Some Thoughts Inspired by Women’s History Month
In the 1970s — after hearing Gloria Steinem speak — my mother found the women’s movement. She used her newly discovered voice to tell my brother and I to heat up frozen dinners so that she could attend evening support meetings. Later, as a career consultant, she used her strengthened voice to encourage other women to find their way in the work world.
Yet she was still a product of the 40s and 50s, so when she hit face-to-face roadblocks in her professional or personal life, my mother would write a well-crafted letter or take a lady-like bow. She was always polite and well mannered; she never showed her anger. Like so many women of her generation, she wasn’t practiced in navigating waves.
As the daughter of a women’s libber who encouraged truth telling, I captured my burgeoning voice with poetry and journaling. Later I professionalized my inclination to write by earning a journalism degree.
Compared to my mother, I was more comfortable with uncomfortable and I could say so, face to face. But I had been raised to be a good girl, and so I was sure to do it nicely, not over the line into what seemed at the time to be aggressive.
And so, because one’s voice was valued for the females in my family, I encouraged my daughters to find and use theirs.
But it became clear – early on – that my daughters were already living in a new era.
As young as 10 and 14, my daughters not only spoke their truth, they felt entitled to it. They were comfortable calling adults by their first name. They made spontaneous speeches to a roomful of people without rehearsal or a script. They freely offered their opinions on world events and questioned teacher’s policies and school dictums.
They weren’t just pleased that you listened to them, they insisted upon it. And if their opinions happened to trample on someone else’s truth or feelings, well, then, so be it. Where being heard is concerned, they feared not. They could be brusque, and if they felt something strongly enough, bulldozers.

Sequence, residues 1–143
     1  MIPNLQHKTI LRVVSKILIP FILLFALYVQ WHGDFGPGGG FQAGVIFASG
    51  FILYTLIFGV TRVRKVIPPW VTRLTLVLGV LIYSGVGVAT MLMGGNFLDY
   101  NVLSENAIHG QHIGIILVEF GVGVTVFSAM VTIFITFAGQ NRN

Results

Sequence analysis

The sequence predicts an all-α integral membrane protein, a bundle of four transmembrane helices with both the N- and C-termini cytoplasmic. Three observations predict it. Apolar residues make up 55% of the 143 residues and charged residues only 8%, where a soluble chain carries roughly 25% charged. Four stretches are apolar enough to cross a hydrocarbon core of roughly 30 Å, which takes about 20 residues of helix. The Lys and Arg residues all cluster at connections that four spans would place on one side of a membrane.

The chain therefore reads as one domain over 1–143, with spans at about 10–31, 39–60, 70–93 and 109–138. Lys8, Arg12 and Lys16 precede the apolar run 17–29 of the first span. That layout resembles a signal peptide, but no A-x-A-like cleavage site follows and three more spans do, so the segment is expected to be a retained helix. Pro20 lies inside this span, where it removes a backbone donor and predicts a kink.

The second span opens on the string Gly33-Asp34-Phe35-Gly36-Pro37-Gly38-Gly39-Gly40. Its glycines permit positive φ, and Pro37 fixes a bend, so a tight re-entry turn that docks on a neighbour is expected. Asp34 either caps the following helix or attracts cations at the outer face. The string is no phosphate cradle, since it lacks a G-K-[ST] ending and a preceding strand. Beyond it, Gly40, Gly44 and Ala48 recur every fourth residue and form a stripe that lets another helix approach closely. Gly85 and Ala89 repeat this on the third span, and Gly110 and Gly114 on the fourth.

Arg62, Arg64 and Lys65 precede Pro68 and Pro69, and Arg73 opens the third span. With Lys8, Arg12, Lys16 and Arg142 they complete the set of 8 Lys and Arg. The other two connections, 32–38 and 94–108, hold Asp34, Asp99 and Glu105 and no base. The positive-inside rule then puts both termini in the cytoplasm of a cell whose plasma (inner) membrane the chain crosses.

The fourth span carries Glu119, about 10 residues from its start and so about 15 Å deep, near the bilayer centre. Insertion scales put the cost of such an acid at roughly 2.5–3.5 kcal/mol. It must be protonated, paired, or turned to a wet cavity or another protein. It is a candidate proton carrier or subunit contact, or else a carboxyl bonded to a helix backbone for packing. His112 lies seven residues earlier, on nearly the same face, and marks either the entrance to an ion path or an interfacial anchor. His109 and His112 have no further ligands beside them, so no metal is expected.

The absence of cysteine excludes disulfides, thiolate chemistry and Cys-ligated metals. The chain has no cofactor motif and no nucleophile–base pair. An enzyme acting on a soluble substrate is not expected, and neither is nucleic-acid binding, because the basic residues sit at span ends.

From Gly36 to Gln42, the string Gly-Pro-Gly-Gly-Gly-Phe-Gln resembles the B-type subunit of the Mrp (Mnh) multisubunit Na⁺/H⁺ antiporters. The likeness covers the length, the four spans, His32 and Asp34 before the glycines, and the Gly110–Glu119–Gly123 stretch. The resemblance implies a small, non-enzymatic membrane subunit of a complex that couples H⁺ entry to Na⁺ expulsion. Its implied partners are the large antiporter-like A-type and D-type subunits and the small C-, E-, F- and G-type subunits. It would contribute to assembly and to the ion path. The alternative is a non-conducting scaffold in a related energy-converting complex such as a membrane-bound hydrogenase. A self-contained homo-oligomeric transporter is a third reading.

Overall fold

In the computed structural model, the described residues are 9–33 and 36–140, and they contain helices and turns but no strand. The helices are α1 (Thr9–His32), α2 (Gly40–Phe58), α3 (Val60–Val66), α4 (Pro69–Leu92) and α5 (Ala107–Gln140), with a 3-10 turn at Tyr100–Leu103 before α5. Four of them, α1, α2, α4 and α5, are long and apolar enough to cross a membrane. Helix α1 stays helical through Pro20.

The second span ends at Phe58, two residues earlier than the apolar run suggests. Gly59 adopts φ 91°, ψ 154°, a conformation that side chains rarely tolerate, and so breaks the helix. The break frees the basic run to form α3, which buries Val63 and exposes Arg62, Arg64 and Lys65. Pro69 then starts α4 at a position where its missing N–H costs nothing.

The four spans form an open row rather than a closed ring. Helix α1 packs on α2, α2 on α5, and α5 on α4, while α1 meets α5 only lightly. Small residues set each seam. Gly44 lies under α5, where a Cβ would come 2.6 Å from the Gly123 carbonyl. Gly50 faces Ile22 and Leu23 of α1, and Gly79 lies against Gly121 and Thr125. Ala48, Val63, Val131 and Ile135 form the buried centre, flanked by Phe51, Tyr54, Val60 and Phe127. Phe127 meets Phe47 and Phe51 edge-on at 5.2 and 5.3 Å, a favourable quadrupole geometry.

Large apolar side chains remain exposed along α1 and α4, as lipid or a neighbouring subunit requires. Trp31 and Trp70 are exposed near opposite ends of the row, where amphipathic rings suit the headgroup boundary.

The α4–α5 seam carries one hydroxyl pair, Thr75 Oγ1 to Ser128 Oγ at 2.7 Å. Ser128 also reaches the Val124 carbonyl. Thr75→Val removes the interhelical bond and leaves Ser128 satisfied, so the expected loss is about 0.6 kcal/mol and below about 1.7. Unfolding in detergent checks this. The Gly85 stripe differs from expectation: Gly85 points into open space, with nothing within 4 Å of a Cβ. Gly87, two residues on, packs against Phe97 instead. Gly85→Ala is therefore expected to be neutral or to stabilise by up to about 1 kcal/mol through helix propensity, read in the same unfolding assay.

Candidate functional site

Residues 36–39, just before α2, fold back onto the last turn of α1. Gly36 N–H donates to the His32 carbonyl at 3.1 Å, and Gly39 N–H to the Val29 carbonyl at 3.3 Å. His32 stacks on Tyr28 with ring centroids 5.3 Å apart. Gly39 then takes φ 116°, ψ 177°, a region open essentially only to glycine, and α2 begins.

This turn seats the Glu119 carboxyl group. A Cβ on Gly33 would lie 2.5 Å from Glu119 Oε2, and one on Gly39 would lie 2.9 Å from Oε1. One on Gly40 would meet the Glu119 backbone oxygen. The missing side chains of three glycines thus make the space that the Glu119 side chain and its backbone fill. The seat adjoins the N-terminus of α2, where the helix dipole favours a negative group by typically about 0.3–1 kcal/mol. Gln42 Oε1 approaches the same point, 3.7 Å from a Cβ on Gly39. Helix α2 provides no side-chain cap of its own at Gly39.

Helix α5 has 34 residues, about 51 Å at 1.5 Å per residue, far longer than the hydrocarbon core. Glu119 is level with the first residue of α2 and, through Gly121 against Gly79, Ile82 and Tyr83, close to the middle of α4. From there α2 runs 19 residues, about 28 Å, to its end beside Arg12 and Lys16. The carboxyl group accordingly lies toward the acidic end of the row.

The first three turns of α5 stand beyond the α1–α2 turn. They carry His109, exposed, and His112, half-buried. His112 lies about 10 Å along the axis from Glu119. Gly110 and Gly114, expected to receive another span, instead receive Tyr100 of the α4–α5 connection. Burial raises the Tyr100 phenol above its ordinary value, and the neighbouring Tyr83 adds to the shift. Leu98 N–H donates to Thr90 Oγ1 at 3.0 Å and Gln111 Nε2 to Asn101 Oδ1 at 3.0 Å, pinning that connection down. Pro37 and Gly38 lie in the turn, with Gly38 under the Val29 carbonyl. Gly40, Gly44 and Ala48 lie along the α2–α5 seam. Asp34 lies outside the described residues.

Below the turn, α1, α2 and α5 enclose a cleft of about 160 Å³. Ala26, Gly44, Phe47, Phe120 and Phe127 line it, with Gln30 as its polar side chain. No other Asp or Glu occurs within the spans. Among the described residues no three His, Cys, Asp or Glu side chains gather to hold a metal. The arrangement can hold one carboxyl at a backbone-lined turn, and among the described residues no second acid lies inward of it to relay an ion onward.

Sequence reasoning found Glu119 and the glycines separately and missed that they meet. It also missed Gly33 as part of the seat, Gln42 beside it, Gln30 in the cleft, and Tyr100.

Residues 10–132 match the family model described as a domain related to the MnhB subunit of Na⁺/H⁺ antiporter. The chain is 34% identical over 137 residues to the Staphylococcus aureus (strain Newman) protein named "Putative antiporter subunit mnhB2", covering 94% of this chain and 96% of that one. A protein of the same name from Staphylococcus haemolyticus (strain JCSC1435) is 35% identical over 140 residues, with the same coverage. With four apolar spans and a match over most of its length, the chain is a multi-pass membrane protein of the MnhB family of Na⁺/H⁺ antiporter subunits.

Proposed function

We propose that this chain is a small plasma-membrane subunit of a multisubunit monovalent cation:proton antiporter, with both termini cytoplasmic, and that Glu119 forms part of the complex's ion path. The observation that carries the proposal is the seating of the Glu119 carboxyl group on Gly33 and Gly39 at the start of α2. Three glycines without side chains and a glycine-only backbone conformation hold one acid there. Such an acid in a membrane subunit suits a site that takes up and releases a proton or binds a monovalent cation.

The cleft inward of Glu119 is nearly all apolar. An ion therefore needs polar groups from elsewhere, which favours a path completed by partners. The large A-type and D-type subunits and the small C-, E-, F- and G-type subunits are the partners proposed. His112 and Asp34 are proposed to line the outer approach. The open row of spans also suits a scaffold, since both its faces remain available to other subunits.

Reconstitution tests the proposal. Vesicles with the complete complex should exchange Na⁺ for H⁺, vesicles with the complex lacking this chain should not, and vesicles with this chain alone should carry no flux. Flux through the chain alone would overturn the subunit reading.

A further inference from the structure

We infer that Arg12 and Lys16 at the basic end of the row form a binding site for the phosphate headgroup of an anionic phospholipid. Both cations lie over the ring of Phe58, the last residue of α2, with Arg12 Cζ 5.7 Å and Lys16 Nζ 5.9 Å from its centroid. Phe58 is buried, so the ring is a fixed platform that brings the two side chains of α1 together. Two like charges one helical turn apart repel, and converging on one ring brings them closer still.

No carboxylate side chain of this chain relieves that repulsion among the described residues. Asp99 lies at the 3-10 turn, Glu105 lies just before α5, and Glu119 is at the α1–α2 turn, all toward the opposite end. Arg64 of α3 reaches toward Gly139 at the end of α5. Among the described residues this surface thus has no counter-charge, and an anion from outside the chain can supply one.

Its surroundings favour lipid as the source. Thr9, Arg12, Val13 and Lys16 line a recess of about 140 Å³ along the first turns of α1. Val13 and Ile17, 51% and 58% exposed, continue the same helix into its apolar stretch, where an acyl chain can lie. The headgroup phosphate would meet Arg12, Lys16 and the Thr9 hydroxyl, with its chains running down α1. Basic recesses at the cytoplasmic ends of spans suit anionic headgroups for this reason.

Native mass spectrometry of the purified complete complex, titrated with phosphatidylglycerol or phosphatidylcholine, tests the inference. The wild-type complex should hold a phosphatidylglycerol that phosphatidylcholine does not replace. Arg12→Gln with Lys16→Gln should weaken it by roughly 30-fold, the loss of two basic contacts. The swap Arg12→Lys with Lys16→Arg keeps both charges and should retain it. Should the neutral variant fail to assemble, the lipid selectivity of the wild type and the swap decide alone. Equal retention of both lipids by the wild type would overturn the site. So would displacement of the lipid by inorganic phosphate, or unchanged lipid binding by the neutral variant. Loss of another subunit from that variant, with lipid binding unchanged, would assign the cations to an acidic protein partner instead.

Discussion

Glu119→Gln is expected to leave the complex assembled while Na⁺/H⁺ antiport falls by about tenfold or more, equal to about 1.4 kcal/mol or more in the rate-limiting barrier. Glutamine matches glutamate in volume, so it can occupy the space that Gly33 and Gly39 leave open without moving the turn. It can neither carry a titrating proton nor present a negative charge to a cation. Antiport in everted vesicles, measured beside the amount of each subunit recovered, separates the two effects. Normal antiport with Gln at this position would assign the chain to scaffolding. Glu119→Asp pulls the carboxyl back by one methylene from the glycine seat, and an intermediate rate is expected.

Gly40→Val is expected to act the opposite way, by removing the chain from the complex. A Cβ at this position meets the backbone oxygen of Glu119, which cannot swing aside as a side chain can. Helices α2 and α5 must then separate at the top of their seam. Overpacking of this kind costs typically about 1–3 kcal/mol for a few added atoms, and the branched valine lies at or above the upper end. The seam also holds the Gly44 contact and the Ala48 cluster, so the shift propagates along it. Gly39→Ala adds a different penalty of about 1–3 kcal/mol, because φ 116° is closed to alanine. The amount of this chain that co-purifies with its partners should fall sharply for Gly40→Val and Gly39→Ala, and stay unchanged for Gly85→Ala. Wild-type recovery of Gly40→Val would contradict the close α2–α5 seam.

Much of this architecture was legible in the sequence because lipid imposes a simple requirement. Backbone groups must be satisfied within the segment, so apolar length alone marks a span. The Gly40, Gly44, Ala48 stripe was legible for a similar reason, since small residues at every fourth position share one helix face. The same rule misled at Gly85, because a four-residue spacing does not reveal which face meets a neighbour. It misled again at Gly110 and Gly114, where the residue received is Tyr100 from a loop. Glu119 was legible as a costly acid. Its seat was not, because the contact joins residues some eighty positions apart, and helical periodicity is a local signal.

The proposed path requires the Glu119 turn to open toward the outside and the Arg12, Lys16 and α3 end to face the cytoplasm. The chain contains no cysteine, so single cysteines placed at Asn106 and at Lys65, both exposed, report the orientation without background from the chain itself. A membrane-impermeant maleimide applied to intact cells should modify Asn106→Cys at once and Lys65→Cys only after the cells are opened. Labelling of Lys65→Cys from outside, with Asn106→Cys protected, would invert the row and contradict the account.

When my eldest daughter, now a college senior, invited me to see her in “The Vagina Monologues,” I saw how very large that gap between us was.” It was my virgin “Vagina” experience and weeks later, I’m still recovering.
There she was, my 21-year-old, in pillow-stuffed stretch pants and grapefruit-filled panty hose draped around her neck, hunched over a walker as a 72-year-old woman telling the story her first sexual experience. She was talking about … female ejaculation. I can’t believe I just wrote that. And how after she was shamed by the boy, she never went “down there” again.
And that was just my daughter’s monologue. Others covered orgasms and rape and torture. One opened her monologue with “I’m angry! I’m angry about my vagina!” Another played with the c— version of the v-word, loudly and proudly, a word that I grew up thinking was not so nice.
What a leap from my grandmother, a strong, opinionated woman who would bite her lip before saying something that might be considered rude or disrespectful.
March is Women’s History Month and I can’t help wondering how much of the feminist flame lit by their grandmother and carried through by their mother impacted who they have become. So much of their sense of womanhood has come from their time. How can they possibly comprehend the enormity of the jump from my grandmother’s lip biting to opining on the workings of a female body part? How could they ever really know how it felt to be a woman before?
Witnessing and hearing my daughter speak these words so confidently, so publicly, was potent, radical and attitude altering.
I wonder if that’s what Gloria Steinem’s speech must have sounded like to my mother in the 70s.
The feminist flame is, after all, fire, which has the ability to be passed back and forth.
Ellen Blum Barish. Copyright March 2010.